In a land in our time there lived a man, who read a book and found lots of wonderful stories therein. There were true and invented stories, experienced and pensive, enjoyable and painful stories. There were stories which contained stories, and such which were actually not stories. For every story he read, there occurred to him nearly five which he had either experienced or thought up himself. So the thought came to him, that a lot in the world was a story which could be healing for himself and others; he only needed to absorb the healing stories well and to forget the terrible ones immediately. Then he would learn which story he had used when and for what. So he organised his own stories which he knew, and which had become a help to himself and others, or could become so. Sometimes he noted it down when a new story came to his ears and sometimes when a helpful story occurred to him, he memorised it.
Then he saw before him in a picture the storystories of this life arranged in long shelves, as in a large pharmacy. And behind the counter there sat a man who had learnt to listen to himself and others. He was a master of his subjectspecialty. His talent was that he understood how to tell the right thing at the right time to himself and to those who visited him.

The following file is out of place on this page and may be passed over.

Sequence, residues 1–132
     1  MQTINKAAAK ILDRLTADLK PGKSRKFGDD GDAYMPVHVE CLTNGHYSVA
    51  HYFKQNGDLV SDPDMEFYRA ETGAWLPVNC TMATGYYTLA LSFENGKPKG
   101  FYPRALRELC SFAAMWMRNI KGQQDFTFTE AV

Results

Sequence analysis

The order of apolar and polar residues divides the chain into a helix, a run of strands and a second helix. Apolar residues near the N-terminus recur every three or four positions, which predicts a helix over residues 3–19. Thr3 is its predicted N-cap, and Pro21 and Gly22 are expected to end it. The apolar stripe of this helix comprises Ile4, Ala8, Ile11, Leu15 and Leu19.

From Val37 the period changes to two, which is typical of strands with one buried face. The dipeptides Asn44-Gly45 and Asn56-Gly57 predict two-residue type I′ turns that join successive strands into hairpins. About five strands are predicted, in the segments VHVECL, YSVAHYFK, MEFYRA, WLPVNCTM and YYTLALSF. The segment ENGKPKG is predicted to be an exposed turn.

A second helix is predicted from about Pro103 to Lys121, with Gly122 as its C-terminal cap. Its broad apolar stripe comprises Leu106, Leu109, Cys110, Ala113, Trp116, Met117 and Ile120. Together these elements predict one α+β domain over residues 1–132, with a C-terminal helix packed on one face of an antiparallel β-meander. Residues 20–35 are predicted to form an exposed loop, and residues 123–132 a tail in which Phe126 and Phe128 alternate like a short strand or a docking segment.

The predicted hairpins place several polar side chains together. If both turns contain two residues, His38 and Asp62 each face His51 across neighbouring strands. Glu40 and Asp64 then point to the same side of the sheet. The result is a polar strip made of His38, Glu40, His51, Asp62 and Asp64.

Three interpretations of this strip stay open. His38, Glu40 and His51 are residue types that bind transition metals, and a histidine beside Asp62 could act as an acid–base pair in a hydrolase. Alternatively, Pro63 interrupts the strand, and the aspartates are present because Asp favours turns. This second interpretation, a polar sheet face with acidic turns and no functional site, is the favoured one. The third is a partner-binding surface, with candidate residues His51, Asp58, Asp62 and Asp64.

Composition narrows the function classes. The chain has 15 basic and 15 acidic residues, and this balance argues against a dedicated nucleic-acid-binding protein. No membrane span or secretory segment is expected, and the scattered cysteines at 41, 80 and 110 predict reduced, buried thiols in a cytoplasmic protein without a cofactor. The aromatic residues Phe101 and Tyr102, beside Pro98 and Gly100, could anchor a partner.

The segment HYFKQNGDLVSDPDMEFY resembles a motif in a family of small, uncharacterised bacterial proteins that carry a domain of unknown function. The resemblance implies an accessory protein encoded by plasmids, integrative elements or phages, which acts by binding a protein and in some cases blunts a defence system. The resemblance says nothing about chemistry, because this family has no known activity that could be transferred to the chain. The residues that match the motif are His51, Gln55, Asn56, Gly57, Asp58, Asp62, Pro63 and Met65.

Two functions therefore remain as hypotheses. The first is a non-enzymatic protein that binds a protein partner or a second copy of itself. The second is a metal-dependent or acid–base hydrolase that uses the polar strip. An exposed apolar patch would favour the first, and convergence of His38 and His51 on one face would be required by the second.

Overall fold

“Your body needs exercise”, the doctor had said to him. “What about doing some sports? You wish to prevent further heart attacks, don’t you?” Yes, of course he wished for this. But sports? Reluctantly he decided on a hypnosis session. He liked the therapy. He just had to sit in an armchair and listen to stories about racing horses and working elephants. “This is just like watching TV”, he said to his therapist.
Two weeks later they met by coincidence while shopping in the town. “How are you doing?” the therapist asked. “Great”, the man replied. “On Mondays and Thursdays, I go jogging, on Tuesdays and Fridays, I’m in a fitness studio and on Wednesdays and Saturdays I play table-tennis. On Sundays I go for a hike in the country and apart from this…” “Oh”, said the therapist, “Why don’t you come by and see me sometime next week?”
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